3) The abortion debate is more sensitive in the US than in Europe—or even in Rome. European Catholic prelates are not even arguing about disciplinary action against pro-abortion politicians. State officials who support legal abortion routinely receive Communion in Italy, even occasionally at the Vatican. American pro-life activists are gradually teaching their counterparts in Europe to take the question more seriously, and make more demands on Catholic politicians. Most European cardinals would undoubtedly side with Archbishop Wuerl in the American debate. Again, the elevation of Archbishop Burke is more significant; it ensures that the College of Cardinals will include one powerful voice for effective disciplinary action.
4) Still, American Catholics should not feel superior. Pro-life Americans might be tempted to feel smug in the knowledge that we are pushing to exert pressure on Catholic politicians who have made their peace with the “culture of death,” while in Europe that fight has not yet really begun. But in the Philippines, Catholic bishops are debating how to discipline politicians who support public funding for contraception. If most European Catholics are not ready to fight against public support for abortion, most American Catholics are not ready to fight against public support for contraception. We still have a long way to go.
An appeal from our founder, Dr. Jeffrey Mirus:
Dear reader: If you found the information on this page helpful in your pursuit of a better Catholic life, please support our work with a donation. Your donation will help us reach seven million Truth-seeking readers worldwide this year. Thank you!
Progress toward our January expenses ($19,764 to go):
All comments are moderated. To lighten our editing burden, only current donors are allowed to Sound Off. If you are a donor, log in to see the comment form; otherwise please support our work, and Sound Off!
Posted by: impossible -
Oct. 25, 2010 12:37 AM ET USA
More important than Wuerl agreeing to honor another Bishop's Canon 915 decision would be for Wuerl to personally enforce Canon 915 in his own diocese. His participation in the Kennedy funeral fiasco speaks volumes.
Posted by: UncleBlobb -
Oct. 24, 2010 3:11 PM ET USA
I would not be so quick to associate the motive of "cowardice" with Pope Benedict. I would like very much to see the replacement of the Wuerl/McCarrick type of Catholic-lite believing bishop replaced the world over - as much as anyone wanting to be faithful to The Church and tired of betrayal. I think the Pope is appointing place-holder bishops as best he can to allow the Sacraments and administration of the Church to go on, and also to avoid a de jure schism, as probably did JPII.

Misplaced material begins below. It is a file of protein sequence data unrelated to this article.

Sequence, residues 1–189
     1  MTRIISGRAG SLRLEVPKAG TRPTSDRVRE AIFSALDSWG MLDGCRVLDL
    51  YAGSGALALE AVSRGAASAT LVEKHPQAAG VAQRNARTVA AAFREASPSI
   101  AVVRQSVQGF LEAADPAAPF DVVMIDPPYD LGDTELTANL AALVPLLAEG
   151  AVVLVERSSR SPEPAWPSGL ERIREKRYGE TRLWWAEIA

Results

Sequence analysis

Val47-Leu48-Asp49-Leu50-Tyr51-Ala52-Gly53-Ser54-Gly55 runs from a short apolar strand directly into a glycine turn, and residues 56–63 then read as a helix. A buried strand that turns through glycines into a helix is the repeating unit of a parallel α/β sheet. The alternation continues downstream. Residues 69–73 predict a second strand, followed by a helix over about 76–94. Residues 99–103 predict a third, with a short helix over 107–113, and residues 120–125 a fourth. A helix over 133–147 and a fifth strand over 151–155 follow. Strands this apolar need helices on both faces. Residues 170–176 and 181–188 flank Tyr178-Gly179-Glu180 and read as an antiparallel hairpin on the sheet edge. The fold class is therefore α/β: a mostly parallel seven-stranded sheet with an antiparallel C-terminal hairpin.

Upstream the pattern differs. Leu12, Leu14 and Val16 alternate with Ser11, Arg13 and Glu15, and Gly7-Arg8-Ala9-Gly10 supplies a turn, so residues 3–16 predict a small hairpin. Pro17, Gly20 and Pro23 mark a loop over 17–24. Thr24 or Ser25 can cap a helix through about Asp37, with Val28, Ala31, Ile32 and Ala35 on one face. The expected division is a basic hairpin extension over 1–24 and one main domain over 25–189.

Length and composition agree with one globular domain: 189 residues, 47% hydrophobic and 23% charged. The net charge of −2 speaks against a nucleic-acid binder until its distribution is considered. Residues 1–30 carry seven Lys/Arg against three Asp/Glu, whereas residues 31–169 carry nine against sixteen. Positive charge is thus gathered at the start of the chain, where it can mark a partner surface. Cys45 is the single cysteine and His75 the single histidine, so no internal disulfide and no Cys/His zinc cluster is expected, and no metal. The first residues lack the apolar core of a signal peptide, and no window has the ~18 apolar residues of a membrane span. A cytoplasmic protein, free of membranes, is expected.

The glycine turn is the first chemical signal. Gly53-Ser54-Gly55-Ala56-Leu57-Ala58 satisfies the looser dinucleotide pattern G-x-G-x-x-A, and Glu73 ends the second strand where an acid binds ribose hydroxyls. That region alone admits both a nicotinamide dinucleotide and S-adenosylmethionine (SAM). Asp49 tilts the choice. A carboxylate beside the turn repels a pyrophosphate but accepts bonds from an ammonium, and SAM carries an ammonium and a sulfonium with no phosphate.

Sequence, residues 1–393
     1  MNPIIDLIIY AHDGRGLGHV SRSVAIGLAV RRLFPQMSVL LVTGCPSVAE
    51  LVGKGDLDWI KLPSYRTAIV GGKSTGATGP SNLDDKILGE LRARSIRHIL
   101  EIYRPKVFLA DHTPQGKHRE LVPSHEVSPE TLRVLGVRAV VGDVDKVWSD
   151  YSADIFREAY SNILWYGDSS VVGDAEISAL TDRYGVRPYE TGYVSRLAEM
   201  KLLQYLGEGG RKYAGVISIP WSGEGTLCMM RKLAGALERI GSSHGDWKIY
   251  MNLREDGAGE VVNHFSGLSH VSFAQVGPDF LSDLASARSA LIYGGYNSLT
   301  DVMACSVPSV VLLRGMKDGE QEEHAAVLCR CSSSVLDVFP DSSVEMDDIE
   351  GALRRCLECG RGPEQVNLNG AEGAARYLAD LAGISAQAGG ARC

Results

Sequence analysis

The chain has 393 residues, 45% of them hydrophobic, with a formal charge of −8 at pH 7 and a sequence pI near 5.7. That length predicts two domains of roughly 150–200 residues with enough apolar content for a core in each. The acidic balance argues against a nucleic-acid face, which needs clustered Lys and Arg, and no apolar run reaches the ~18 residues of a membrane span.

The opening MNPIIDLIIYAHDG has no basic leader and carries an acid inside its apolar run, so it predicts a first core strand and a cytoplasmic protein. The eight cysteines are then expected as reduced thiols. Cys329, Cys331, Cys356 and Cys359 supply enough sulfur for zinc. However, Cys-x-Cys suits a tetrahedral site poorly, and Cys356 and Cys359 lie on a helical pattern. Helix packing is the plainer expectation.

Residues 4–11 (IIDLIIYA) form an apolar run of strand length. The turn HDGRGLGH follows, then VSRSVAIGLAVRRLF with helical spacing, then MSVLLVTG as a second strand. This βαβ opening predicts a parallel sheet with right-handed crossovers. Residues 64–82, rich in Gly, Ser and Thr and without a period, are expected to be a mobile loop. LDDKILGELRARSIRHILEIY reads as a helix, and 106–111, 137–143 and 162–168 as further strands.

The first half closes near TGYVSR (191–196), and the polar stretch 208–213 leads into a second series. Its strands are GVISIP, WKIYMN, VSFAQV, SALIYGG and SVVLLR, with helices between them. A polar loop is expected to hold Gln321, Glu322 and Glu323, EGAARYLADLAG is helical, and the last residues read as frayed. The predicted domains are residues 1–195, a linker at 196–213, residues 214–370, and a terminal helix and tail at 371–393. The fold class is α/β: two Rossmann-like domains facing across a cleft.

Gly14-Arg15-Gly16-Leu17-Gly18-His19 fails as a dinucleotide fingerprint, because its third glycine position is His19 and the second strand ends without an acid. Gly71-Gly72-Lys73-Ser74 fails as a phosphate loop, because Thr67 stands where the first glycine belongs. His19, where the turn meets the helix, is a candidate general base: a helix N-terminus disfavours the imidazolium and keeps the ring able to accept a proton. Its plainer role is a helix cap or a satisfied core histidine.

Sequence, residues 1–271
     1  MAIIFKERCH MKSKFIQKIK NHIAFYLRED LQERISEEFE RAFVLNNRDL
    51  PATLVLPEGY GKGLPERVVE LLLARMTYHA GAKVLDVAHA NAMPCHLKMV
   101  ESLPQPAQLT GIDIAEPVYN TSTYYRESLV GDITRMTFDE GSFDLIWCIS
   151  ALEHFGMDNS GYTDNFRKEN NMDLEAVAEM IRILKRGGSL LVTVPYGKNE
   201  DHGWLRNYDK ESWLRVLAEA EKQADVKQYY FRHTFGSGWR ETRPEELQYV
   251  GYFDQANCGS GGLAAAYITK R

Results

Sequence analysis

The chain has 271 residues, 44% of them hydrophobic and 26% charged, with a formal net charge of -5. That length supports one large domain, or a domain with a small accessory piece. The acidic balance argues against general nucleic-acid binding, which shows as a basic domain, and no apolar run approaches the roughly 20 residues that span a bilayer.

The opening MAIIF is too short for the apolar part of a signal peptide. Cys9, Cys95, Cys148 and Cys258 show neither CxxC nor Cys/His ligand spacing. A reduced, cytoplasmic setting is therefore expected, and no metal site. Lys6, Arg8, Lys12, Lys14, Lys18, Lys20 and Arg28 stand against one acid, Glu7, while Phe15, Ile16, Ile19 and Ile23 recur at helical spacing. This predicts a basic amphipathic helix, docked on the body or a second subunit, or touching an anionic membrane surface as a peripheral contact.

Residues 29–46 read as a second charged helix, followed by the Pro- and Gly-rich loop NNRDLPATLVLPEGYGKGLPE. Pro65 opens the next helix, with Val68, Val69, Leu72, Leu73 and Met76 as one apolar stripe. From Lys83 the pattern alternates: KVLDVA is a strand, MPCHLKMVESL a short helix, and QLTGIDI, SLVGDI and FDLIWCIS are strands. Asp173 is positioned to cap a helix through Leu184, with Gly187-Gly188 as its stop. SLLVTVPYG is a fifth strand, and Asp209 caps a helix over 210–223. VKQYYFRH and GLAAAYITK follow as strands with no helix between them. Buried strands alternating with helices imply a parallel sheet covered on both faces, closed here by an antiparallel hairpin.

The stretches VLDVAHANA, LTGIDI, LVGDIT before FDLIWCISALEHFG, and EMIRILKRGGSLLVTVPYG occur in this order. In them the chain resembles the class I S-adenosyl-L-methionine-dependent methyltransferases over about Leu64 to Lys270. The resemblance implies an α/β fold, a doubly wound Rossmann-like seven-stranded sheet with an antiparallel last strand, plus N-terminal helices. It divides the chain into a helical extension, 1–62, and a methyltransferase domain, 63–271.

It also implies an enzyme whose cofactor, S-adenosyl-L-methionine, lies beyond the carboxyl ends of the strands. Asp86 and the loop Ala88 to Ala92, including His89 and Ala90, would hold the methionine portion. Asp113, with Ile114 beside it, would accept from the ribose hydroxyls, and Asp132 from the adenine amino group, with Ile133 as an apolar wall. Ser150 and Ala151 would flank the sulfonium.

Posted by: Chestertonian -
Oct. 22, 2010 10:11 PM ET USA
I'm not saying Wuerl is equal to Burke, but when Gov Sibelius was told by her Kansas bishop not to present herself for Communion, Wuerl said he would follow this proscription. So, I think, perhaps, that if Pelosi's bishop in CA told her not to present herself, Wuerl would follow again. Hardly perfect leadership, but I think he's deferring to the home bishop who has jurisdiction.
Posted by: Minnesota Mary -
Oct. 22, 2010 7:13 PM ET USA
I totally agree with pwrosey2737! Appointing both Wuerl and Burke as Cardinals sends a message of comfort to the "We Are Church" crowd. Ethics and morality are up to the individual's own choice and not the Teaching Magisterium of the Church. Once again the pro-lifers are betrayed and can count on precious little support in their valiant struggle against the culture of death. By splitting the difference, these two appointments smack of cowardice. Pretty sad.
Posted by: impossible -
Oct. 22, 2010 12:36 AM ET USA
Makes one wonder if the good old boy network continues to hold power. This was a perfect opportunity to send a much needed message to the American Bishops, by making someone like Archbishop Robert Carlson or Bishop Robert Vasa a Cardinal instead of Archbishop Donald Wuerl.
Posted by: polish.pinecone4371 -
Oct. 21, 2010 7:46 AM ET USA
An excellent analysis, Phil. One must also consider the fact of which of the two Cardinals-designate will have greater access and, therefore, greater influence over the decisions made at the Holy See, and that's not Wuerl.